When it comes to meaningful engagement, Google+ is streaks ahead. 140 character text posts were the next best thing since TCP/IP a couple years ago but with smart devices able to handle more than just text, richer ways to share stuff and interact are far more useful. Announcements like Google+ Events immediately make Google+ a better option for events (well, for the most part) and the new tablet apps must do good things for user engagement (the iPad app has apparently been submitted to the iStore and I can’t wait!).
No, you don’t have to use Google+ and if it satisfies your needs then don’t feel like you have to explore another social service. Just the same, try restrain yourself from complaining about it without actually using it for more than 5 minutes. Google messed up with Buzz but this is far from Buzz, this actually seems to be working pretty well and the indications are that Google+ may actually continuing growing and evolving, despite me being a big fan (again).
If you are a little curious about this exciting little ghost town, circle me/follow me/get in touch:
I realised that one of the reasons I am a little apprehensive about getting too excited about Google+ is that I have a history of getting excited about services and how much better they are at certain things than, say, Twitter only to find the services are bought out, fade away or just die. Illustrations of my point:
- Jaiku is not better than Twitter, I just prefer it;
- Why You’re Wrong About FriendFeed;
- You Should Be Spending More Time on Google Buzz;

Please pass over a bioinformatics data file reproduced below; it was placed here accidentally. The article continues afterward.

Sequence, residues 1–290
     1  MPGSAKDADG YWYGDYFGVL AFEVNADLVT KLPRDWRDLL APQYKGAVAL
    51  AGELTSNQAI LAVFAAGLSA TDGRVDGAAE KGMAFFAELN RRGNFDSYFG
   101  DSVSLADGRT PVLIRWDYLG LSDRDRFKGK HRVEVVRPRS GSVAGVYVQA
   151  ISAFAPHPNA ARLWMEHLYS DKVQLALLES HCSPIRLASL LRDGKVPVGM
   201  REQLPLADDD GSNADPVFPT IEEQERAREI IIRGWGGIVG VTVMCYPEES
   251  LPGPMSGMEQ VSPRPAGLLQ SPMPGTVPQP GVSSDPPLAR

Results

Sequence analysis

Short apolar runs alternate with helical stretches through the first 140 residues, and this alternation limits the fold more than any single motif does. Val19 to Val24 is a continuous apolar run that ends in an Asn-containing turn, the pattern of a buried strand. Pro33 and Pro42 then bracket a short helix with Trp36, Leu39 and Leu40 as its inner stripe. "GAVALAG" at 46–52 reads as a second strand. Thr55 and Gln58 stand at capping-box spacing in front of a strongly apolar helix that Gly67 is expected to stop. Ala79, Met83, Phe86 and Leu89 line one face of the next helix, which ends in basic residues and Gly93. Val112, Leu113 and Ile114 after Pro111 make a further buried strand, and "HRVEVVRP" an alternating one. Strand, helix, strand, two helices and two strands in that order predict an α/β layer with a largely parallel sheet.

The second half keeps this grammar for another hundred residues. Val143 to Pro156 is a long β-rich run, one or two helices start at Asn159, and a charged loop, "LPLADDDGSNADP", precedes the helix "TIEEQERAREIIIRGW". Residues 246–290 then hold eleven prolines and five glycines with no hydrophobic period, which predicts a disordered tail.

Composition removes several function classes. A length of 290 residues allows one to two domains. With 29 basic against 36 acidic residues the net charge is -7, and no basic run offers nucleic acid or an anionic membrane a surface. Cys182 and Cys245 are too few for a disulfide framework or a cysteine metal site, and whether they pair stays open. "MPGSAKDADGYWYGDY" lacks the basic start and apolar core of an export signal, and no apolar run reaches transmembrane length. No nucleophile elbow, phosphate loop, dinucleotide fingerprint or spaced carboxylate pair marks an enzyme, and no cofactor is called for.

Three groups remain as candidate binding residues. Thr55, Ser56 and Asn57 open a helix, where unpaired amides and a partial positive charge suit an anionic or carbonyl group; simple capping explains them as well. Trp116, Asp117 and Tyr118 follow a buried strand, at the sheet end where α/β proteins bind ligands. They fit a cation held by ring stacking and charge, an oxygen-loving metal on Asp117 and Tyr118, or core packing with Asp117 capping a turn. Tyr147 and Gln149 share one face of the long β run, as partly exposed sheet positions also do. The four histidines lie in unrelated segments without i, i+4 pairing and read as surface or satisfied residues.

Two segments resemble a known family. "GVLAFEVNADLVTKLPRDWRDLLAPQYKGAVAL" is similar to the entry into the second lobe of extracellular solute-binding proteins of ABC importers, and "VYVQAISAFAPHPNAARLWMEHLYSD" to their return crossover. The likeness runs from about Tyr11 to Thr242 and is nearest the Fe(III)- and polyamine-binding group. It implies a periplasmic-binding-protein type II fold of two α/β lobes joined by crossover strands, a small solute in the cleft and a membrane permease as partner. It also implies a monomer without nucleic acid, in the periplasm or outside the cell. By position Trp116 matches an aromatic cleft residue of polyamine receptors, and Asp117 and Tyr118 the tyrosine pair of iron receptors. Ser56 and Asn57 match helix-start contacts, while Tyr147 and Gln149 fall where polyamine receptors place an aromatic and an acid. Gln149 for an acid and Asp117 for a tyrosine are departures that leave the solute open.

- A Few Thoughts About Google+.
I am basically the anti-trend spotter so if I decide and publicly declare that Google+ is the best thing ever (since the last best thing) and way better than Twitter (I may have done this already, come to think of it) then that could spell the end of Google+ as a viable service.
You’ve probably started seeing tweets and posts about the new Google+ design. It’s live on my profile and this is what it looks like for me:
The new Google+ design feels a little claustrophobic. The top and left bars seem to make the middle panel that much smaller. I also can’t help but notice the similarities with my Facebook Timeline. The main banner image is a little narrow on Google+, though.
Here is the promo video. I like the direction and probably need to spend more time with it getting used to it all.
This is the one major blind spot Facebook has – search. This move is a really interesting way to come at social relevance from the other direction and I think its going to be an exciting change.
Now all Google+ needs is Facebook’s user base to make all that personal search truly useful.
Update: Kathryn McConnachie from ITWeb interviewed me this morning about this and Twitter’s complaints about this development. You can also read Mike Sharman’s comments in the article so head over there for an interesting read.
— Kathryn McConnachie (@KathMcConnachie) January 11, 2012